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Research Reveals Why COVID-19 Pneumonia Is More Deadly

TUESDAY, Jan. 12, 2021 -- Unlike regular pneumonia, COVID-19 pneumonia spreads like many "wildfires" throughout the lungs, researchers say.

This may explain why COVID-19 pneumonia lasts longer and causes more harm than typical pneumonia, according to the researchers at Northwestern Medicine in Chicago.

The research team said that their aim is to make COVID-19 more like a bad cold.

For the study, the team analyzed immune cells from the lungs of COVID-19 pneumonia patients and compared them to cells from patients with pneumonia caused by other viruses or bacteria.

While other types of pneumonia rapidly infect large regions of the lungs, COVID-19 begins in numerous small areas of the lungs. It then uses the lungs' own immune cells to spread across the lungs over many days or even weeks. This is similar to how multiple wildfires spread through a forest, the study authors explained.

As COVID-19 pneumonia slowly moves through the lungs, it leaves damaged lung tissue in its wake and contributes to the fever, low blood pressure and organ damage common in COVID-19 patients, the team said.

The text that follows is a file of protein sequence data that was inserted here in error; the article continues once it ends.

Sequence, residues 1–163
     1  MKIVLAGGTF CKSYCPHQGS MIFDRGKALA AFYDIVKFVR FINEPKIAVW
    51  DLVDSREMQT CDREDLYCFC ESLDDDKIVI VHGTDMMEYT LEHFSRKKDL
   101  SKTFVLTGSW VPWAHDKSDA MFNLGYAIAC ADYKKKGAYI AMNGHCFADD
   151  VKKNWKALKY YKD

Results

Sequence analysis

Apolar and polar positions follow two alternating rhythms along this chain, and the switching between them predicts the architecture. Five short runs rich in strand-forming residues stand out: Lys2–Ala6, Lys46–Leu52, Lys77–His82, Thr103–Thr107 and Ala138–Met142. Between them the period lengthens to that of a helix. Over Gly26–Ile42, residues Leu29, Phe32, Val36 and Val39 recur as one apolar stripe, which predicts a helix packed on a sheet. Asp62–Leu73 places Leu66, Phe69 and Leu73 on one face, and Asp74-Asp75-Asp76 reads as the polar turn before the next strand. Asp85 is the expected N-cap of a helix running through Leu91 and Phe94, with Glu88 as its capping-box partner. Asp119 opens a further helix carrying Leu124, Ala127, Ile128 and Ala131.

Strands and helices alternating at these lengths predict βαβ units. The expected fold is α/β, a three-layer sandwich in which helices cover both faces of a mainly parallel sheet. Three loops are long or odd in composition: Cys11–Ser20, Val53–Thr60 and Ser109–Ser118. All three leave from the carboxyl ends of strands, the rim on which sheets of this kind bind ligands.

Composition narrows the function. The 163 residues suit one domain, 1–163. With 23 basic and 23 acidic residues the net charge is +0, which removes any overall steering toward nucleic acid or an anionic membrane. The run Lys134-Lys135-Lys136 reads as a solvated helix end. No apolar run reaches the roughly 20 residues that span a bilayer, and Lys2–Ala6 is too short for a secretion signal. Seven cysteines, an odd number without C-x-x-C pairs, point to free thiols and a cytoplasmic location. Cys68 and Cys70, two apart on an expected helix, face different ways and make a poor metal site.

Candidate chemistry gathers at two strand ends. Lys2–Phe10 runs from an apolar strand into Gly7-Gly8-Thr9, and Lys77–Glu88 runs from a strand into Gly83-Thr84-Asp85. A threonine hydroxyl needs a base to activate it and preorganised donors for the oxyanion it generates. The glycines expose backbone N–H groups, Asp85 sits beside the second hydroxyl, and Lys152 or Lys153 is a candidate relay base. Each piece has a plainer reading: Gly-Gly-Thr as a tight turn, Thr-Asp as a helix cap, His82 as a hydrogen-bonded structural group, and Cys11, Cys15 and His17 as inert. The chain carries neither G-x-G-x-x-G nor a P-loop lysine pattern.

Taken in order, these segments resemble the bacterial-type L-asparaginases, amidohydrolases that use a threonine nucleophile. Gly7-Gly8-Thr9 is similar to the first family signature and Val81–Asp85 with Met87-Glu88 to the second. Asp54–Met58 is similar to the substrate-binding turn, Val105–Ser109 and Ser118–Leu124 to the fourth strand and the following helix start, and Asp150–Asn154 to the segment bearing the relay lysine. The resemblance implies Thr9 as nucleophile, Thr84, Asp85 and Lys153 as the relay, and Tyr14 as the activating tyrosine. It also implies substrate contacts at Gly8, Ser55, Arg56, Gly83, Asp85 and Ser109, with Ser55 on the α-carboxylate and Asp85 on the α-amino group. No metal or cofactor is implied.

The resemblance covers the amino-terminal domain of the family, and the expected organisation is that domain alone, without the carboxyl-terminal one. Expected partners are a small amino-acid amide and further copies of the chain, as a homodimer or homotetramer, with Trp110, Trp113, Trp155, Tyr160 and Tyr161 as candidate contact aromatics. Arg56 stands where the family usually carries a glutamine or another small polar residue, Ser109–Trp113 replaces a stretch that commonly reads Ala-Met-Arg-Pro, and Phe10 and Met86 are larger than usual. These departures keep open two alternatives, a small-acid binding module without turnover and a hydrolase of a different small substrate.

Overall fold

The long duration of COVID-19 pneumonia, rather than greater severity, may be why it causes more serious complications than other types of pneumonia, according to the study authors. The report was published online Jan. 11 in the journal Nature.

The researchers also identified immune cells -- macrophages and T cells -- that could be important targets when treating severe COVID-19 pneumonia. Macrophages typically protect the lungs, but can be infected by the new coronavirus and help spread the infection through the lungs, the team noted in a Northwestern news release.

In a clinical trial early this year, the investigators plan to test an experimental drug that targets these immune cells in COVID-19 pneumonia patients. The drug reduces the inflammatory response of these immune cells.

"Our goal is to make COVID-19 mild instead of severe, making it comparable to a bad cold," study co-author Dr. Scott Budinger said in the news release. He is chief of pulmonary and critical care medicine at Northwestern University Feinberg School of Medicine.

Study co-author Dr. Richard Wunderink, professor of pulmonary and critical care medicine at Feinberg and medical director of Northwestern Medicine's ICU, added that "this effort truly represents a 'moonshot' in COVID-19 research."

© 2021 HealthDay. All rights reserved.

Posted: January 2021

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